Thursday, October 21, 2010

Corn Maze & Relay Success: Asian-Style Carb Loading and Earl Grey Tea Cookies

This past weekend saw Baltimore host its 10th Running Festival, an annual event that tests the skills of some of the world's top athletes as well as the patience of drivers and local residents trying to navigate around various closed sections of the city.

Last year, I had the "pleasure" of taking part in the half-marathon. Having taken a prolonged break from running since January's marathon, I opted to take it down a notch and run the anchor leg of the team relay - a mere 7.3 miles.

Now, those of you who have seen me know that I am a notoriously slow runner, but I somehow managed to finish in a decent time frame, averaging 12minutes a mile - probably due to the fact that I managed to finish uninjured this year. The only draw back was that I had to take the Light Rail - which was CRAMMED with loads of fellow, stinky, sweaty racers - to the nearest stop to my house. Which is added another mile or so to my race day activities. Still, I had a great time, and somehow managed to score a $500 gift card to Red Star World Wear. SWEET.

Friday night I was able to indulge in my favorite pre-race ritual: carb loading. The trick is to find something pasta-esque that isn't loaded down with things that will sit like lead in your stomach the next day (i.e., cheese, cream, a bottle of wine, etc.). It just so happened that Friday we were also celebrating my good friend Margi's birthday at a local sushi joint. Admittedly, it was a little difficult to refrain from stuffing my face with rolls and sashimi, but my udon entree suited me just fine.

Plus, I got some green tea ice cream out of the meal - not too shabby!

Post-race I hung up my snazzy new medal, showered, napped hard, and then headed out to Frederick to meet up with some peeps at Summers Farm to check out their corn maze, which is shaped like the Washington Redskin's logo. Seriously.

The Farm proved a bit more entertaining than the previous week's orchard trip, with opportunities to snack on just-out-the-fryer apple cider donuts, kettle corn, and hot drinks; bonfire spots available for rental; a petting zoo/live barn (home to the largest sow I have ever and likely will ever lay eyes on); and surprisingly steep and wedgie-inducing slides scattered among the grounds.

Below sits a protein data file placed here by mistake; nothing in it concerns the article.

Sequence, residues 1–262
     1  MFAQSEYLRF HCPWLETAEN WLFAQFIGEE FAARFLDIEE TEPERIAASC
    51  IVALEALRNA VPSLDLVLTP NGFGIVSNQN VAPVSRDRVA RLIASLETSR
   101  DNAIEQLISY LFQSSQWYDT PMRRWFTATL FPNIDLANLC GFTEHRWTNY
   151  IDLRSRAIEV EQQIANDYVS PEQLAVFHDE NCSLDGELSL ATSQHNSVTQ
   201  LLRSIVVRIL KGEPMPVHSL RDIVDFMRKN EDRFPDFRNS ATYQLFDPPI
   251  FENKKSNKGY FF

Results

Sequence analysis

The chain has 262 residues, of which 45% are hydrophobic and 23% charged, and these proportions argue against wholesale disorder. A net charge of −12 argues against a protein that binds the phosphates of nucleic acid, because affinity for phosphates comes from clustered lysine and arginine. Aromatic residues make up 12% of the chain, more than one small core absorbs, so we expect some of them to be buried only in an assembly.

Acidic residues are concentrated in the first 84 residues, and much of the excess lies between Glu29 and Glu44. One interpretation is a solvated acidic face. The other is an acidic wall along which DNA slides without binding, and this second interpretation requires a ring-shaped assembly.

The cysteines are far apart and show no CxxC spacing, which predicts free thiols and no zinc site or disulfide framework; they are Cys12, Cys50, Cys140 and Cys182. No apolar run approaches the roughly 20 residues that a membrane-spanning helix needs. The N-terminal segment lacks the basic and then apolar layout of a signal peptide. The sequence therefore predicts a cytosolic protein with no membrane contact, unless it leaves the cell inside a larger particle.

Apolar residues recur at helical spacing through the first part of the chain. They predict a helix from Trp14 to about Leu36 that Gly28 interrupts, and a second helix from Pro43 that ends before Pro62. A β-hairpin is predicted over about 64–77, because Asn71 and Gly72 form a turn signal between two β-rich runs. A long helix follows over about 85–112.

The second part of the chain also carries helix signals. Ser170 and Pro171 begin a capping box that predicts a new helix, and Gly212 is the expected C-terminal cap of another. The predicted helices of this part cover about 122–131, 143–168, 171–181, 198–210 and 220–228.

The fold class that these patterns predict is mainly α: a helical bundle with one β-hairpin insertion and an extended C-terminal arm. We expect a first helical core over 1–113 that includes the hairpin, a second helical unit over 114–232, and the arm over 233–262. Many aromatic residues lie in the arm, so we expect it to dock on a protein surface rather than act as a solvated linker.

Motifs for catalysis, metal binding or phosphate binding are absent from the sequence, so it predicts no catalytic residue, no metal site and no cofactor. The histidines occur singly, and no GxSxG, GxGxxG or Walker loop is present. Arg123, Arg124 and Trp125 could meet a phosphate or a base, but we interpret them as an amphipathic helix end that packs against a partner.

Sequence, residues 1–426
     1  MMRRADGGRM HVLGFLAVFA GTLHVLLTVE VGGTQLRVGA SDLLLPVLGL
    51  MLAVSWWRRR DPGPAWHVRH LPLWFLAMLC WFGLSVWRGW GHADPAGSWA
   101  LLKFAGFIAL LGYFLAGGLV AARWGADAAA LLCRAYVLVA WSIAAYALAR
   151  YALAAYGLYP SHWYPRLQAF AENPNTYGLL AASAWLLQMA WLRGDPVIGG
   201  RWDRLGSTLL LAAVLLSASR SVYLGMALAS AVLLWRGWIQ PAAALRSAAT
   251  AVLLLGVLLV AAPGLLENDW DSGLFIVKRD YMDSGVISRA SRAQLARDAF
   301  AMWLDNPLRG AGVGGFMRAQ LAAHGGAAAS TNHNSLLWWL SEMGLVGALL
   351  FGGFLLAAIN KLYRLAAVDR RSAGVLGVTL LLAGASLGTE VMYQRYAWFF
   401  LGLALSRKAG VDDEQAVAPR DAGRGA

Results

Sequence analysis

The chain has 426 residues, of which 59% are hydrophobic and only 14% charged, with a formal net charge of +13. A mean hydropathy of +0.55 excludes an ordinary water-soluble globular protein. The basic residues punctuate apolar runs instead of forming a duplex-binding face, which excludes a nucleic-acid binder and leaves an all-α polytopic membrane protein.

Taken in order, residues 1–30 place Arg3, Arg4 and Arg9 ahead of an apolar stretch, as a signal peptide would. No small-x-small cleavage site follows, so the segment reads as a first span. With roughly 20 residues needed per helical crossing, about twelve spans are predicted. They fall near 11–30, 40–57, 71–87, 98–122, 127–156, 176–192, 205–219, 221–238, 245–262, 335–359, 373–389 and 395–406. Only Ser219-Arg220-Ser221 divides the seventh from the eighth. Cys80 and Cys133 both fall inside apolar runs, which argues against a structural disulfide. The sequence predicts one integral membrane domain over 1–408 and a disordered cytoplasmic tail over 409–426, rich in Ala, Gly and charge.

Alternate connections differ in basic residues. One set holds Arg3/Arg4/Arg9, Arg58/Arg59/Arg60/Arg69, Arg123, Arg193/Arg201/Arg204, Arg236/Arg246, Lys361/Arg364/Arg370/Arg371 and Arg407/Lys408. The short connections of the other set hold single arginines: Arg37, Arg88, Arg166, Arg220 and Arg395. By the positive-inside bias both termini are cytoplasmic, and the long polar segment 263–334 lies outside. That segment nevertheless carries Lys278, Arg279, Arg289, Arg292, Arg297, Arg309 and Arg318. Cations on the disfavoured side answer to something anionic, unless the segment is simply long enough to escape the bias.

As for the maze, Tony and I were the first to successfully navigate our way out. I still think they're creepy ( *thank you for THOSE residual nightmares, Mr. Stephen King*), but we had a good time nonetheless.

And now for the recipe:

Earl Gray Tea Cookies (or biscuits, for my UK/NZ buddies) are my go-to recipe when I need to bring a crowd-pleasing dessert to a personal or public function. Seriously - strangers have hugged me after eating these things. The trick, I've found, is to (1) use room temperature butter and (2) try adding already steeped earl grey tea instead of water to the recipe. The only other advice I can add is to line your baking sheet with parchment paper to keep the little rounds from sticking.
Feel free to try out other tea varieties to suit your needs. I haven't tried it yet, but I'm betting chamomile would make a bangin' biscuit.
DO NOT use a slip mat. The bottoms will brown but the rest of the cookie
will take for friggin ever to bake through.


Tonight I'm visiting my friend and new momma Monica to introduce her little one to the joys of pumpkin carving. Or the joys of watching adults coo over you while you simply sit there and look adorable. Either way, I'm having pizza and a good laugh before the weekend.
Earl Grey Tea Cookies
(Adapted from Real Simple)

2 cups all-purpose flour
1/2 cup granulated sugar
1/2 cup confectioners' sugar
2 tablespoons Earl Grey tea leaves
1/2 teaspoon salt
1 teaspoon pure vanilla extract
1 cup unsalted butter, room temperature and cut into pieces

1. Pulse together all the dry ingredients in a food processor until the tea leaves are pulverized.
2. Add the vanilla, 1 teaspoon water/prepared tea, and the butter. Pulse together until a dough is formed. Add more water/tea (1 tsp at a time) if the dough is not forming.
3. Divide the dough in half. Place each half on a sheet of wax paper and roll into a log, about 2 inches in diameter. Wrap and chill for at least 30 minutes.
4. Heat oven to 375°F. Remove the dough from the refrigerator and unwrap each log. Slice each log into disks, 1/3 inch thick.
5. Place on parchment paper-lined baking sheets, 2 inches apart. Bake until the edges are just brown, about 12 minutes.
6. Let cool on sheets for 5 minutes, then transfer to wire racks.

1 comment:

Sally B. said...

I think some of us might dispute that you and Tony were the first out...